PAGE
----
Solitary confinement process questioned

Members of the Judiciary Committee heard testimony March 22 on a bill that would make several changes to state Department of Correctional Services procedures for inmates in solitary confinement.

Sen. Paul Schumacher
Sen. Paul Schumacher

LB560, introduced by Columbus Sen. Paul Schumacher, would prevent the department from placing a member of a vulnerable population in restrictive housing. Vulnerable populations would include any inmate who is 18 years of age or younger, pregnant or diagnosed with a serious mental illness.

These inmates could be temporarily placed in immediate segregation to protect staff, other inmates or inmates awaiting classification as a vulnerable population member.

Schumacher said Nebraska has disproportionately high solitary confinement rates compared with other states. It is only a matter of time before the department’s consideration of inmates’ civil rights is challenged in court, he said.

“We’ve been down this road several times and we know where we’re at,” he said. “[We need to] step up and try to do what we can to avert an inevitable legal challenge because we are not doing what we should to address this issue.”

The bill also would establish a procedure for an inmate to seek judicial review of his or her solitary confinement after spending at least 90 days confined in a calendar year. The review would be conducted in district court in the county where the correctional facility is located.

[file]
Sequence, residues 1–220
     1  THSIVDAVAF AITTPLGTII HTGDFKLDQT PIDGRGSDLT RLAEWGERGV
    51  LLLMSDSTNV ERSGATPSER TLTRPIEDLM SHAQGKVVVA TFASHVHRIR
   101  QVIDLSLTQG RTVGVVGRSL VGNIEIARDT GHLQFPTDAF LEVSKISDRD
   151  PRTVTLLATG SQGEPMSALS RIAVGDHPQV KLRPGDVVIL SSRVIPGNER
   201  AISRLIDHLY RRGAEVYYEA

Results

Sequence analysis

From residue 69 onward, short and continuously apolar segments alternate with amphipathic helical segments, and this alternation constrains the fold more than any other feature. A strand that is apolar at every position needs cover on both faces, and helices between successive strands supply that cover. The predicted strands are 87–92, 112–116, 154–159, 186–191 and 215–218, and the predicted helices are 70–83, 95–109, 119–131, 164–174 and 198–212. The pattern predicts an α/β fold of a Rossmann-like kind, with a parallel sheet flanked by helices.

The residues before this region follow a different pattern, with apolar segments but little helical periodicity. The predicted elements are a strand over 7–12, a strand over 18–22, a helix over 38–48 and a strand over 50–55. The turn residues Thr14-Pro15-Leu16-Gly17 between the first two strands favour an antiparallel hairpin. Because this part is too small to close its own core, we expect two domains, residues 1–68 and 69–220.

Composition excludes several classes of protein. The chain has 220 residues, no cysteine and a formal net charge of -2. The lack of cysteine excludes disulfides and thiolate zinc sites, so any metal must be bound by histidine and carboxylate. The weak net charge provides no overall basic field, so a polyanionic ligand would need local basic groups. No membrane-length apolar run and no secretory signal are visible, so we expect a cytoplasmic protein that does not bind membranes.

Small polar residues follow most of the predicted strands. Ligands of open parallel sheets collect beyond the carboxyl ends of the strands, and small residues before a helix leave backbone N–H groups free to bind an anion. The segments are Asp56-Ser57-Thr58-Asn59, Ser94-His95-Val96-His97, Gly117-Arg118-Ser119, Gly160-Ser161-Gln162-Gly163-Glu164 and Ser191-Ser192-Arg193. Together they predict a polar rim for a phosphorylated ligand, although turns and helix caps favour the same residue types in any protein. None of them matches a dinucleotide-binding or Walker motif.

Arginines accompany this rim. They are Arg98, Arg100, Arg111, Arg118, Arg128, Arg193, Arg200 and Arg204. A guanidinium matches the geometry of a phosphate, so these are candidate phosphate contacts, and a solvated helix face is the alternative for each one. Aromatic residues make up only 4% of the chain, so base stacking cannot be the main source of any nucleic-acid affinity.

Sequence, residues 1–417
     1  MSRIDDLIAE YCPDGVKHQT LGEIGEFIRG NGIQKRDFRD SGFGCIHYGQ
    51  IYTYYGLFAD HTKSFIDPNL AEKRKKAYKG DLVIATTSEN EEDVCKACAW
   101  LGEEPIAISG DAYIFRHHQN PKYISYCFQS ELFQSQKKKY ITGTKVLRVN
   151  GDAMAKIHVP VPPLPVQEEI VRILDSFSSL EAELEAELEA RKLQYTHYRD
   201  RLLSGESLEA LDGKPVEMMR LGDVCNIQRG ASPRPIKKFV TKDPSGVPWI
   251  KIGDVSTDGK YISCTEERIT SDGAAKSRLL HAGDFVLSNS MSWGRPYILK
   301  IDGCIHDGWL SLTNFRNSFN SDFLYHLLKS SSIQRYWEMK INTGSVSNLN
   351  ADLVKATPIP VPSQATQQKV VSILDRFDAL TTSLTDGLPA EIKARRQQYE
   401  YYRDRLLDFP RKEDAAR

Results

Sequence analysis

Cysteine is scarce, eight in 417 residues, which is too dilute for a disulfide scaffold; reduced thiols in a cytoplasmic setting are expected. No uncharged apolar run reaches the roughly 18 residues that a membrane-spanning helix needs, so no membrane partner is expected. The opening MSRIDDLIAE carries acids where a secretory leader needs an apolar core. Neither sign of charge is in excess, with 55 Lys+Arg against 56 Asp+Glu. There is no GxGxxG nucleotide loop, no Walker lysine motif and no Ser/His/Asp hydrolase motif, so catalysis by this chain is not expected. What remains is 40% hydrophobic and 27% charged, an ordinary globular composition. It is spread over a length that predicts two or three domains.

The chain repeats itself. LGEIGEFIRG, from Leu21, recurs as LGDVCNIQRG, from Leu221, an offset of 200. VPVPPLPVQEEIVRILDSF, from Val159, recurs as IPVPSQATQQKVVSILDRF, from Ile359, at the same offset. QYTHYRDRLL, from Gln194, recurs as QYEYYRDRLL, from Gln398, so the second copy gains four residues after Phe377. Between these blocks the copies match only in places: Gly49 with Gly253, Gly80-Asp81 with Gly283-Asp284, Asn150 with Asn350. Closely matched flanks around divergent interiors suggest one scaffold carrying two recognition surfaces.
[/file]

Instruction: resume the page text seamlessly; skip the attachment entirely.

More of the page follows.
Finally, the bill would redefine solitary confinement to include at least two hours of outside-of-cell activity. Currently, only one hour is required.

State Ombudsman Marshall Lux testified in support of the bill. He said the department currently has full discretion regarding which inmates are placed in restrictive housing. Progress has been made by the department, Lux said, but the goal of reforming the system’s handling of solitary confinement remains unmet.

“Our office has been struggling for many years to encourage the Department of Correctional Services to reform its practices with regard to the use of solitary confinement,” he said. “Absolute discretion often leads to arbitrary decision making and questionable results.”

Scott Frakes, director of the Department of Correctional Services, opposed the bill. He said the ability to place inmates in restrictive housing is a vital tool to protect the safety of correctional staff and inmates. Not enough time has passed, Frakes said, for the benefits of reforms approved in 2015 to come to fruition.

“I have serious concerns about the provisions of the bill and my ability to safely manage our correctional facilities [if it were passed],” he said. “I must have the ability to place an individual that presents a significant risk in segregated housing so that I can assess that risk.”

The committee took no immediate action on the bill.

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